Nothing. Between leading aromatherapy organizations, national boards of health (like the Federal Drug Administration in the United States), or an international governing body, no recognized definition for “Therapeutic grade” or “Aromatherapy grade” exist. And this means that companies selling essential oils and other aromatherapy products don’t have to be transparent about their marketing language, much less what goes into the actual products.

Any pure, undiluted, unadulterated essential oil, is naturally therapeutic or aromatherapy-grade – that’s the whole point of using them. There isn’t anything special done to the oil or in the way that it is extracted that makes it more-so. One can evaluate oils based on some factors, such as where it is grown. For example, Tea Tree from Australia or Lavender from Provance is always superior because these are the regions where the plants originate. However, in today’s consumer society there are concerns about over farming of natural resources. Some oils are so popular that deforestation has made them endangered resources. To fill the need, more sustainable alternatives, that offer similar aromas and therapeutic benefits, are now available.

These tactics are typically adopted by multilevel marketers. Admittedly, we are painting with a broad brush when making such a claim, but such companies are frequently more interested in pushing money up and down the various levels of the sales triangle, not in the quality of the product. These organizations have a vast network of salespeople that are very far removed from the sourcing and process of essential oils, and unlike certified aromatherapists, they lack the education to truly understand how essential oils work with the body.

Unfortunately, because of that aforementioned industry-wide lack of a uniform definition, there isn’t much that companies like Source Vitál can do about the marketing tactics used by some companies – except to inform people about such matters so they can make the best possible decisions for themselves.

What Should You Look for When Shopping for Essential Oils?

Source Vital Undiluted, Pure Essential Oils

Let’s be perfectly clear – we are biased toward our own essential oils here at Source Vitál. All of our products are 100% pure, undiluted, and will never contain any fillers or synthetic additives. We pride ourselves on offering one of the most comprehensive essential oil collections on the market. We want you to shop with us.

But we also believe in educating the consumer, So, when it comes to examining the different claims in the market about what’s in an essential oil and what it can do, we recommend using the following parameters:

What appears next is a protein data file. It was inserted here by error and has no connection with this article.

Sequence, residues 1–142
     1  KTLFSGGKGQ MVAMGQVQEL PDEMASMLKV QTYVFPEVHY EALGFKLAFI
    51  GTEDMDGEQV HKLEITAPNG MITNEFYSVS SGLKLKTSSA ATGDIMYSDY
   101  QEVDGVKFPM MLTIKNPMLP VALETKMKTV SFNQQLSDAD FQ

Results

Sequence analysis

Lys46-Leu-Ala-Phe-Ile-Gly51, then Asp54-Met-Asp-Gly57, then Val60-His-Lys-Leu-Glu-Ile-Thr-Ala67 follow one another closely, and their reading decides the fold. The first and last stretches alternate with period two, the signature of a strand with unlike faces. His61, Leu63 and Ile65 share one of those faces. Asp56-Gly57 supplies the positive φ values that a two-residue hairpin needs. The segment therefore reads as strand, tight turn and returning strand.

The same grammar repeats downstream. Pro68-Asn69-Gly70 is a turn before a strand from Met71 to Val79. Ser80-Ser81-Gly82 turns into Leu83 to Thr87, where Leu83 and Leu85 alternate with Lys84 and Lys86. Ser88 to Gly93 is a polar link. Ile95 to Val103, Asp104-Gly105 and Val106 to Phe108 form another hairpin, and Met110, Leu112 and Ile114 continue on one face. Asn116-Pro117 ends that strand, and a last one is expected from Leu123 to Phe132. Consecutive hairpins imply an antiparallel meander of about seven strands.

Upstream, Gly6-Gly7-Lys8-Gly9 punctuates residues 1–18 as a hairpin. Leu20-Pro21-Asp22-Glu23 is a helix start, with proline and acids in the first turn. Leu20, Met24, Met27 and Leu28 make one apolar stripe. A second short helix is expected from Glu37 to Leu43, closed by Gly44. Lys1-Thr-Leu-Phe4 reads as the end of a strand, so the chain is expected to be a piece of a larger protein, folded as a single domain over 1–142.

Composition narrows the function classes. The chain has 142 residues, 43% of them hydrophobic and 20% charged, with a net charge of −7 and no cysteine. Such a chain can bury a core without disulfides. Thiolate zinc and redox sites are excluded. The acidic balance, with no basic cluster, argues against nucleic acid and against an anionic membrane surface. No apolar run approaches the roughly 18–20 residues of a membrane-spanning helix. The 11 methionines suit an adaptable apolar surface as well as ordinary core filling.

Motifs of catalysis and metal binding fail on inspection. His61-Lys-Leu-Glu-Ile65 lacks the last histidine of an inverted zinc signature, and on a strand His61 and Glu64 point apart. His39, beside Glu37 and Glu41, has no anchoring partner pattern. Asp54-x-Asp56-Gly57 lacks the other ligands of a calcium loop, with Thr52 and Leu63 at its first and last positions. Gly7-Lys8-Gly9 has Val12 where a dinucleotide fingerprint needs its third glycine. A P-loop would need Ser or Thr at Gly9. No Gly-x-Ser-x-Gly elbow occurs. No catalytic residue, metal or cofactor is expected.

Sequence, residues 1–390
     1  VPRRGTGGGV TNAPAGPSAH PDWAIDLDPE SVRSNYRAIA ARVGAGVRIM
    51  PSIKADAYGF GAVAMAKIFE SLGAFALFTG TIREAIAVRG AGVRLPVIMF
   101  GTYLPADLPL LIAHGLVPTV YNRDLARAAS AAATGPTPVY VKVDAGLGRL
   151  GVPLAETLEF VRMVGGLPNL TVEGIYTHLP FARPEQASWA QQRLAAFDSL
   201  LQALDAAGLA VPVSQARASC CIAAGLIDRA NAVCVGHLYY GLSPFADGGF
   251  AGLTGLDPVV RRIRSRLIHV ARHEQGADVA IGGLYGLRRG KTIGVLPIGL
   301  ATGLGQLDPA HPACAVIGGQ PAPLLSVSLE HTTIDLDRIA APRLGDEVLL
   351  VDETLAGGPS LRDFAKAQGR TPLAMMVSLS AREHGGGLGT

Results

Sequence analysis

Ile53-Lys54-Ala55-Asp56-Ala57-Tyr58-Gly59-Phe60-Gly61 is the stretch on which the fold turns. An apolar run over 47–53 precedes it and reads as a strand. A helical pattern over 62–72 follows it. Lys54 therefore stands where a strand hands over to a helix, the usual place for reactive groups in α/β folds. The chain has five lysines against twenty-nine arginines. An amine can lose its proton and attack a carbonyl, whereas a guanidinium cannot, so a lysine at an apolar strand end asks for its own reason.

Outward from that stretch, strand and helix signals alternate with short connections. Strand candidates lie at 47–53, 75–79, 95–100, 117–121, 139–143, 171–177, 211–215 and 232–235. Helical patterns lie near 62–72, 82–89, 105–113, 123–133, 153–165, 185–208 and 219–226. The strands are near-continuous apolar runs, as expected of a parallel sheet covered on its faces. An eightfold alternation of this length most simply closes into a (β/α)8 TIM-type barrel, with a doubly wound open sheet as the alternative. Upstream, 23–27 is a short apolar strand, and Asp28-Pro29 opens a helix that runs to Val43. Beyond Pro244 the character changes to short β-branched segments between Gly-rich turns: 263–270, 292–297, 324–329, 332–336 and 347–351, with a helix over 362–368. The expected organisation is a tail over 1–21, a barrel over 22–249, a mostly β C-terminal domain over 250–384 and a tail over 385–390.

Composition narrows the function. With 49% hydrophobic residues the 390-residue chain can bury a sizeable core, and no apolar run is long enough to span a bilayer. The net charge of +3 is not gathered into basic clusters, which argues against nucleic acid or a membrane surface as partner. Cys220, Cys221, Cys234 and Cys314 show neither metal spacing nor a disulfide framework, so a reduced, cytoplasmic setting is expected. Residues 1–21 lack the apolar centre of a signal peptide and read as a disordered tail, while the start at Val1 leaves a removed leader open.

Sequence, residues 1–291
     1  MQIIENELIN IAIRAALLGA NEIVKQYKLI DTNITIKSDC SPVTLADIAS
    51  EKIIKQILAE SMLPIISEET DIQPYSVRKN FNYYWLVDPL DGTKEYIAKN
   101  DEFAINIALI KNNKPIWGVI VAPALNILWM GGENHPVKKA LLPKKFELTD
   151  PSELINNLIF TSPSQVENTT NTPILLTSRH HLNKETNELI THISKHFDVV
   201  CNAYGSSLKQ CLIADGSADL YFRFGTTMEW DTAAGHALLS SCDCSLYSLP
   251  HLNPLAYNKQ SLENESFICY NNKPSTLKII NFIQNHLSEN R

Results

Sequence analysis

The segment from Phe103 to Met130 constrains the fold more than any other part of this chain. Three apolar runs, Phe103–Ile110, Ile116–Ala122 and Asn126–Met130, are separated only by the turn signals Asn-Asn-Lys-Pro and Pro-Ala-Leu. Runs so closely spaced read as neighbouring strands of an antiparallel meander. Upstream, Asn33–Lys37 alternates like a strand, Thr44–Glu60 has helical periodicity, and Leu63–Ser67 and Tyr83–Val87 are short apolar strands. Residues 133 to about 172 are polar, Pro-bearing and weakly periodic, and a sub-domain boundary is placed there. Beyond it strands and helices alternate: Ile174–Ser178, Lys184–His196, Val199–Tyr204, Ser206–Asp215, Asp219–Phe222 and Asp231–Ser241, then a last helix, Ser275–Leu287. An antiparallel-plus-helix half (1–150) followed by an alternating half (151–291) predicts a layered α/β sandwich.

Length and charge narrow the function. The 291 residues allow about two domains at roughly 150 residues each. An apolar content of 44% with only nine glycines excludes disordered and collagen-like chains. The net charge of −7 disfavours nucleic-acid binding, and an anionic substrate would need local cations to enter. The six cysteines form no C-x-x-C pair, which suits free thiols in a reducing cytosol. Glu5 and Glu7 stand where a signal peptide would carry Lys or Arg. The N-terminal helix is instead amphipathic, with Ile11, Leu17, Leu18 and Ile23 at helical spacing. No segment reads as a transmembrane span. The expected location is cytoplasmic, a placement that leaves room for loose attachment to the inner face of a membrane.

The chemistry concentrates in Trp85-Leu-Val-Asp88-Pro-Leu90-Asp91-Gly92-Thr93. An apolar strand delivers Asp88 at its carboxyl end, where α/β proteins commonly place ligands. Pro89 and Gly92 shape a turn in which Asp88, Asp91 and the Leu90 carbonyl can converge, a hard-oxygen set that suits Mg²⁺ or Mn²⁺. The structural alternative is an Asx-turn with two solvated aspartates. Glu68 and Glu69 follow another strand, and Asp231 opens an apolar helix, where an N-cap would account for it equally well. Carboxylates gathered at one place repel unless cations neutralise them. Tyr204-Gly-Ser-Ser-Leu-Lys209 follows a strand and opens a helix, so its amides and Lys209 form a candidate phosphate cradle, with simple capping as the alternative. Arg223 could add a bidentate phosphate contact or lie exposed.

• Ingredients – Look for authentic, unadulterated essential oils, products that only contain the plant of origin specified on the bottle label, without any other ingredients or fillers. 
  • Packaging – True essential oils will be packaged in glass bottles, typically brown or dark blue in color, so as to protect the oil from UV radiation.
  • Information – Per the NAHA, you should easily be able to locate the common name, Latin name (exact genus and species), country of origin, part of plant processed, type of extraction (distillation or expression), how it was grown (organic, wild-crafted, traditional), and chemotype (when relevant)
  • Corporate Transparency – Any worthwhile purveyor of essential oils will happily share documents like “material safety data sheets” and “gas chromatograph / mass spectrometry reports” with customers because they should have nothing to hide.

What Should I Do When I See “Therapeutic Grade” and “Aromatherapy Grade” Used to Describe Essential Oils?

The short answer? Be on your guard about promises and claims that the company cannot accurately verify. Anyone using such terms is either over-hyping the claims for its products under the naïve assumption that those fancy-sounding words help them sell more products, or they are actively taking deliberate advantage of the lack of a unified definition so as to confuse customers.

Right now, the lack of an independent, 3rd party governing body who can define terminology, regulate who can use it, and combat false claims about a product provides space for unethical and misleading business practices. In order to receive the true benefits of aromatherapy from essential oils, you as the consumer must be as vigilant as possible about what you purchase and apply to your body.